[EDITORIALS]Lame-duck appointments

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[EDITORIALS]Lame-duck appointments

With less than 10 days left for the incumbent heads of local governments to turn over their offices to their successors, a battle of personnel management is being engaged by several governments. By appointing the people they want in the places they want, incumbent local heads are making sure that they are rewarding those "deserving" while retaining some kind of grip on power after they leave office. The incoming leaders, not surprisingly, are protesting this tactic. This year's local election results have not failed to produce the usual round of personnel tug of wars, present every time there is a change in local leadership. A flurry of personnel changes has taken place since last week and there is reason to worry that these changes are based on favoritism and last-minute doling out of rewards on part of the old local heads before the new local heads take over the offices.

Ignoring the orders of the Ministry of Government Administration and Home Affairs to refrain from making any personnel changes, numerous local heads on their way out have given out promotions and transfers since the local elections last week. In the case of Goheung-gun, where a total of 117 changes were made, 56 people were promoted, the biggest number ever since the local head stepped in office. Not only does this last-minute planting of staff members rob the incoming local heads of their right to choose their own office staff, it can hardly be trusted as fair. The fact that most of these newly promoted or transferred staff members are those who helped the incumbent local heads in their re-election campaigns makes them even more suspicious; just what criteria were used in making the changes? Several new leaders have already said they would try to annul the promotions. However, the law guarantees tenure in their new positions for at least one year for those who are promoted or transferred.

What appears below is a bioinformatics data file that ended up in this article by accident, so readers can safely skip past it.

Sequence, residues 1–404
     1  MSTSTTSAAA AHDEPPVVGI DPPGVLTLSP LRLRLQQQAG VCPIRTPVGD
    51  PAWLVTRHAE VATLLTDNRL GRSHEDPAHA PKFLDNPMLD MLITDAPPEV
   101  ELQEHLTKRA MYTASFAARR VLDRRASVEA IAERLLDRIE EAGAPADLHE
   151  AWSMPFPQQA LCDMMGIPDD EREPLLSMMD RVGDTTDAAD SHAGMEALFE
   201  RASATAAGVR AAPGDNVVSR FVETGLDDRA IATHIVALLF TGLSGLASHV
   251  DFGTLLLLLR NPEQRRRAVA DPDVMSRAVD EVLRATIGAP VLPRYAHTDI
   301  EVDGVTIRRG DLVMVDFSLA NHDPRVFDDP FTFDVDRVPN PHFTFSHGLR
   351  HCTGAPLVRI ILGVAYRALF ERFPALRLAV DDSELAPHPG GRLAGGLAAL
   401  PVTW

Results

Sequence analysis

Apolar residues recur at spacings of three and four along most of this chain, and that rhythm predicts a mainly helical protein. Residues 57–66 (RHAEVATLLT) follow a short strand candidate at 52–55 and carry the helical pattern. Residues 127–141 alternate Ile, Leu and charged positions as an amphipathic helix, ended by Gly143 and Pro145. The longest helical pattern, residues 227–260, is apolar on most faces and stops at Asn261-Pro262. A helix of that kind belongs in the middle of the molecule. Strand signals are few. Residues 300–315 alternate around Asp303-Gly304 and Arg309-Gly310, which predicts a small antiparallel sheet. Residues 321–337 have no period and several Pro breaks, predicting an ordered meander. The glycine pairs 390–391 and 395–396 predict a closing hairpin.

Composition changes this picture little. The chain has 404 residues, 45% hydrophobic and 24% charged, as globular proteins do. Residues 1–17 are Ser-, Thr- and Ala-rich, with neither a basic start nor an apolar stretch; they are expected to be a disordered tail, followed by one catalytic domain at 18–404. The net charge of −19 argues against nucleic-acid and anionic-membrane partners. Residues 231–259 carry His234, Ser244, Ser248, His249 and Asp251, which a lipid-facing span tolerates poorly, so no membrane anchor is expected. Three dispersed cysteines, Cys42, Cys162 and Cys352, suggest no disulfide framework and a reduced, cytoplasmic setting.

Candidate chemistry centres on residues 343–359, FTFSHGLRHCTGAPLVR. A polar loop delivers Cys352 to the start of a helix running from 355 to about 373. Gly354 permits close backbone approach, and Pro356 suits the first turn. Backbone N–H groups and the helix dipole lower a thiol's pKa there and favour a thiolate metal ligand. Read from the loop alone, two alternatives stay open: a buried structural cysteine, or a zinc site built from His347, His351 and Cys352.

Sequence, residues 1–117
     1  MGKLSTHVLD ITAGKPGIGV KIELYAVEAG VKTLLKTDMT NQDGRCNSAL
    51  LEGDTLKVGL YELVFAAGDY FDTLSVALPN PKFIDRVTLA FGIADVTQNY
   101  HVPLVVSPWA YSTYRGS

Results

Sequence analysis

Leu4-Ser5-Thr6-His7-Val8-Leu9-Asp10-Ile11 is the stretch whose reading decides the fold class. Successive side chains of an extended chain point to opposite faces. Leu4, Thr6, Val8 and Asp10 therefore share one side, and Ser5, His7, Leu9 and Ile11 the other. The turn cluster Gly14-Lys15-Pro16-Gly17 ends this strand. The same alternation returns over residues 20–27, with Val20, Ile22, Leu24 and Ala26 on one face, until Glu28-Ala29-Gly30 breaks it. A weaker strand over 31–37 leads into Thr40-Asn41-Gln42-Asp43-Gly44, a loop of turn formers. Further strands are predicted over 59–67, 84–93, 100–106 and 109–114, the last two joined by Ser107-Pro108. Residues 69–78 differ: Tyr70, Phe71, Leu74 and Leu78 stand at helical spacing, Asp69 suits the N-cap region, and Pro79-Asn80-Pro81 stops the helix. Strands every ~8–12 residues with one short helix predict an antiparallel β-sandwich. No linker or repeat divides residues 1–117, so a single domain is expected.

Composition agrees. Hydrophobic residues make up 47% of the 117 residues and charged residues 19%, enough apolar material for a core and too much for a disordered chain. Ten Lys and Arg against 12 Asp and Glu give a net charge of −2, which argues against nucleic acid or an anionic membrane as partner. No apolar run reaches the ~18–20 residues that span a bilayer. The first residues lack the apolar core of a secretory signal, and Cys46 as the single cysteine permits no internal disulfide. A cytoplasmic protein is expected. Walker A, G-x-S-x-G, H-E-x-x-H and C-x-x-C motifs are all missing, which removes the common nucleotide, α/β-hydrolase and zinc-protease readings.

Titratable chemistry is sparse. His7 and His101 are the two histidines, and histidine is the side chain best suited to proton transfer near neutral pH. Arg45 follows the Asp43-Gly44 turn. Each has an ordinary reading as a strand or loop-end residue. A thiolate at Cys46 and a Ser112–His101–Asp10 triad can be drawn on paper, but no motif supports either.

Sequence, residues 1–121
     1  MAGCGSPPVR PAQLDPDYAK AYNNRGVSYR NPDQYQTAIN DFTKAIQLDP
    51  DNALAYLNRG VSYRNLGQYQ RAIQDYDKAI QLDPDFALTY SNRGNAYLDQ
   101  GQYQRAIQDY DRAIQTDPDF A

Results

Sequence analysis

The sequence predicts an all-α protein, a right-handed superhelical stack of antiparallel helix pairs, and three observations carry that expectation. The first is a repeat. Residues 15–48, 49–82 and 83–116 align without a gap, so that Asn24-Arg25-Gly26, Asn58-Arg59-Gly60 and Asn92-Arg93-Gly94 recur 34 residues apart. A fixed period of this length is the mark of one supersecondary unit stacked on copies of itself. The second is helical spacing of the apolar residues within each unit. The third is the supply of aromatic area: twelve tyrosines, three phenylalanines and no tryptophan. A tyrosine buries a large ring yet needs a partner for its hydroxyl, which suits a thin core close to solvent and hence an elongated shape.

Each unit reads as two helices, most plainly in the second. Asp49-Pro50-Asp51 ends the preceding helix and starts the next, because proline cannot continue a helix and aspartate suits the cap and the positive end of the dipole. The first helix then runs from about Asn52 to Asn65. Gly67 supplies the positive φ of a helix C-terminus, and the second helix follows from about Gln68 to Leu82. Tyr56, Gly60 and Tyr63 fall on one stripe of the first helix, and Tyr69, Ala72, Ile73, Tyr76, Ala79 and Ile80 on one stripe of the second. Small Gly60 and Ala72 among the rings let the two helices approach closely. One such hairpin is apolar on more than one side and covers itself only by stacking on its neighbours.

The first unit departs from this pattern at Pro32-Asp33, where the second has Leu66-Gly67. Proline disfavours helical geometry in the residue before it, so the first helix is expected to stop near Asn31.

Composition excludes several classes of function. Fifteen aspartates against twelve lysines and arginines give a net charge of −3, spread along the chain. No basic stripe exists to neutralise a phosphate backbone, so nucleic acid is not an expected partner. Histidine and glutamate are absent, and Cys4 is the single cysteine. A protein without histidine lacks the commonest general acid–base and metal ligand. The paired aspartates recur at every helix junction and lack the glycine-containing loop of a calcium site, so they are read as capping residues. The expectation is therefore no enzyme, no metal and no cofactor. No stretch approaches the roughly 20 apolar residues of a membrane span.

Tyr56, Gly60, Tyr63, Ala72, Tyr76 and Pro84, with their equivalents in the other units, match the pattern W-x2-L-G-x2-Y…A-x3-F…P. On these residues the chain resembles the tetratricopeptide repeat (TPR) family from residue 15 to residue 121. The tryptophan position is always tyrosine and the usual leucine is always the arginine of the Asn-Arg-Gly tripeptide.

Even more personnel trouble is expected after the new leaders assume office. Local elections have always featured civil servants who campaign for bosses with the expectation of rewards. With 133 out of 232 local offices expecting new heads, including 9 of the 16 major offices, a lot of people will be moving.

When favoritism trumps ability, there will be chaos in our local government offices.
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